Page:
Are you afraid to admit any professional weakness or lack of knowledge—or are you brave enough to ask when you find yourself beyond your limits? Consider that asking questions or expressing bafflement may actually be helpful and add perspective.


(3) What is your motivation in teaching—gaining approval or helping students and the School?


What is the point of my lesson—experimenting with a new teaching method or based on the students’ needs? What is the impetus behind my performance—drawing attention from administrators, winning colleagues’ praise, impressing students or reaching out to students for the School?


(4) What attitude do supervisory administrators have toward their staff—do they regard them as subordinates working for the machine, or are they interested in their individual development?


Some colleagues treat other staff as instruments to complete tasks or projects, while others hope they will become stronger through practice.


(5) Are administrators and department heads willing to work with colleagues more able than they without fear of being overshadowed?


Those in higher positions, if open and broad-minded, recognize that they may have colleagues who are more talented than they are. It’s common for teachers who take their responsibilities seriously to hope that their students will one day surpass them in ability and stature.  


Eventually, over time, it is possible that some who started in subordinate positions may supersede some who originally were above them. But if we want the best for an institution, those who are the most able should lead the way, and the rest of us will be stronger as a result, difficult as the personal burden may be.


7. Yungu’s Structure


 a. A Flat Organization     


In The World Is Flat, Thomas Friedman outlines a vision for a level playing field globally. Yungu School embraces a culture in which all players are equal.


Principal Rachel Feng:

Our team hopes that Yungu, through concerted efforts, will blossom into a democratic and academic place of learning, more than a top-down bureaucratic institution. Our departments and offices are to be marked by mutual growth and cooperation. My role is to support the team and the teachers, to coordinate the interactive development between departments and rest of the School, as well as to scout possible directions ahead, helping set the pace for various groups to move forward.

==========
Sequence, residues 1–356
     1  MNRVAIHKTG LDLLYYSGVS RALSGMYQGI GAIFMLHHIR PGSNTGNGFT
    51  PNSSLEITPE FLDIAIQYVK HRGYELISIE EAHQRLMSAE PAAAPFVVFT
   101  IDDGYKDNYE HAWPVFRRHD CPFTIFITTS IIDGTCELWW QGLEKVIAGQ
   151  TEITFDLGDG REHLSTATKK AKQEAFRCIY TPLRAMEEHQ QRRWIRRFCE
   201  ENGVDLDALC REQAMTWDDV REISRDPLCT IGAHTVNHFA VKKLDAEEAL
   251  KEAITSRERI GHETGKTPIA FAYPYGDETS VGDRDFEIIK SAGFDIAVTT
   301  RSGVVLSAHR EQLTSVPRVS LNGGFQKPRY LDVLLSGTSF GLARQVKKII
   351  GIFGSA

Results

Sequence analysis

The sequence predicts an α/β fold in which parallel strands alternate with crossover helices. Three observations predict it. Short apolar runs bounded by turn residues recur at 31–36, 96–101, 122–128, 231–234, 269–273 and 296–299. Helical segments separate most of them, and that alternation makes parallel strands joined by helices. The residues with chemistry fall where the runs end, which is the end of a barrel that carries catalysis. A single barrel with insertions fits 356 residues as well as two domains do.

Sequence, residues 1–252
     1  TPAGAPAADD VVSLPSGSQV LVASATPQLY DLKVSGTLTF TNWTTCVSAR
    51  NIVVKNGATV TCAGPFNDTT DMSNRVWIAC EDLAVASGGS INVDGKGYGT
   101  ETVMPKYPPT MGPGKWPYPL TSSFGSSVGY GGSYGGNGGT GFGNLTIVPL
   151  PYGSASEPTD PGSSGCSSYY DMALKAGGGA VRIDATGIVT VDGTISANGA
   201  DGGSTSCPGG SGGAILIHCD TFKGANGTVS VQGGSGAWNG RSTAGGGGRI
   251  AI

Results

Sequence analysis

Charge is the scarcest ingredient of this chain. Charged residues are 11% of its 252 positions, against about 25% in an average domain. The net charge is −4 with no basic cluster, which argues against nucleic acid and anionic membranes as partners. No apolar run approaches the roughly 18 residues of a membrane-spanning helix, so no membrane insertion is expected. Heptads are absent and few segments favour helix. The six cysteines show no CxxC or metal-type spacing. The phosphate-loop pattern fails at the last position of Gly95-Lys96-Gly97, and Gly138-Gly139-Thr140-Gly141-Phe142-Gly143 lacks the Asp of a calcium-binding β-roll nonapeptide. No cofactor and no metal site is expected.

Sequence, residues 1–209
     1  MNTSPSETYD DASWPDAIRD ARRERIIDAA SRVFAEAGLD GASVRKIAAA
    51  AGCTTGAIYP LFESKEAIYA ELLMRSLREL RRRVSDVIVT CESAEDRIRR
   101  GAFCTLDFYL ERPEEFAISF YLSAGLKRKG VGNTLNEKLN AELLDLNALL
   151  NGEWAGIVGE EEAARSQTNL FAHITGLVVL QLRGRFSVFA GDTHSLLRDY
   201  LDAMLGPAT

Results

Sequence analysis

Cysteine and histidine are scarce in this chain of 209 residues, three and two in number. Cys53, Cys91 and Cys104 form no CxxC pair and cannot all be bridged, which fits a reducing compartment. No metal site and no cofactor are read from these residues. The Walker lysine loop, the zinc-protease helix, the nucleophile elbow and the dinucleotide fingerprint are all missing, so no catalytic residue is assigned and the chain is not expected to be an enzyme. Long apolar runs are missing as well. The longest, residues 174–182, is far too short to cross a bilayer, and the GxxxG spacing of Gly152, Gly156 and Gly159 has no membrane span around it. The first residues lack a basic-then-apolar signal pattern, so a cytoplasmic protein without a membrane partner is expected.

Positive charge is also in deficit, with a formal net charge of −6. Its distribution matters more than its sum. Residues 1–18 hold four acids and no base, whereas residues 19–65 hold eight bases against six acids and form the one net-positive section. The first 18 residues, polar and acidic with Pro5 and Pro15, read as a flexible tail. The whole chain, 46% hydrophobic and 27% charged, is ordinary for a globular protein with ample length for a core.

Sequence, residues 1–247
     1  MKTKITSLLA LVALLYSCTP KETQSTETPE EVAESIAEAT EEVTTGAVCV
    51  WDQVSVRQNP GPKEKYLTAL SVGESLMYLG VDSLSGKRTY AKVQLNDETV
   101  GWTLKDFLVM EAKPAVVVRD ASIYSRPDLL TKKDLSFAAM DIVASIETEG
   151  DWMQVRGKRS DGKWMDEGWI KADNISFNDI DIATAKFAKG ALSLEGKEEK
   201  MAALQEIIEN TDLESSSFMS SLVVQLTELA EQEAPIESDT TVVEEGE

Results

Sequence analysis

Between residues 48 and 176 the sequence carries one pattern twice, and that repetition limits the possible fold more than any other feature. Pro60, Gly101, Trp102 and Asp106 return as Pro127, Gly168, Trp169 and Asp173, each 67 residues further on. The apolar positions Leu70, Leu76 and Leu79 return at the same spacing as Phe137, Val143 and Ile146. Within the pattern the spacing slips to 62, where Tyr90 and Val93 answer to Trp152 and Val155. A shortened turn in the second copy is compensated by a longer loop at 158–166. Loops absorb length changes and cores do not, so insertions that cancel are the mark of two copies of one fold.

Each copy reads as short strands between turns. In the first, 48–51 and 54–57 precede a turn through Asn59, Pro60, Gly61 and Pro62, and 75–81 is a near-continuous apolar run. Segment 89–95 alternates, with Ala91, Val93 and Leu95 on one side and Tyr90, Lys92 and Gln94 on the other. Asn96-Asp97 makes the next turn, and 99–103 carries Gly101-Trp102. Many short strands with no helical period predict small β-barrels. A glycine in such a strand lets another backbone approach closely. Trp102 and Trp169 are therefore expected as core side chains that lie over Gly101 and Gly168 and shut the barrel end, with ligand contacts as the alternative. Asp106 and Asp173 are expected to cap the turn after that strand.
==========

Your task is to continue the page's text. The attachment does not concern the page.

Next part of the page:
Yungu is divided into four academic institutes—the Institute of Student Development, the Institute of Curriculum, the Institute of Education and Sciences, the Institute of Education and Technologies—with supporting departments of Technicians and Engineers, Visual Design Center, Administrative Services, HR, Purchasing, Brand Promotion, among others. The School is setting up a complete system for modern school management, with more than 40 staff members, who provide ready help for front-line teachers: this is a creative and innovative group playing wide-ranging roles involved in the business of running a school.


b. An Academic Atmosphere & Practical Application


At Yungu there aren’t any prizes or gold medals for teachers. Ideally the School would be a Golden-Age academy, where teachers concentrate on the growth of children under existing conditions, as well as tend to their own development as teachers, what they should learn in order to teach their students what they need to know, inventing corresponding strategies and means of instruction as necessary, connecting content and methods. Yungu teachers keep up with academic research and innovate, and they will find themselves in the company of those with like minds here.


Practicing what they preach, teachers will keep in mind not only the latest research in their fields of science, humanities and social science, but also real contexts, practical concerns and the most effective applications of content. The School suggests three fronts: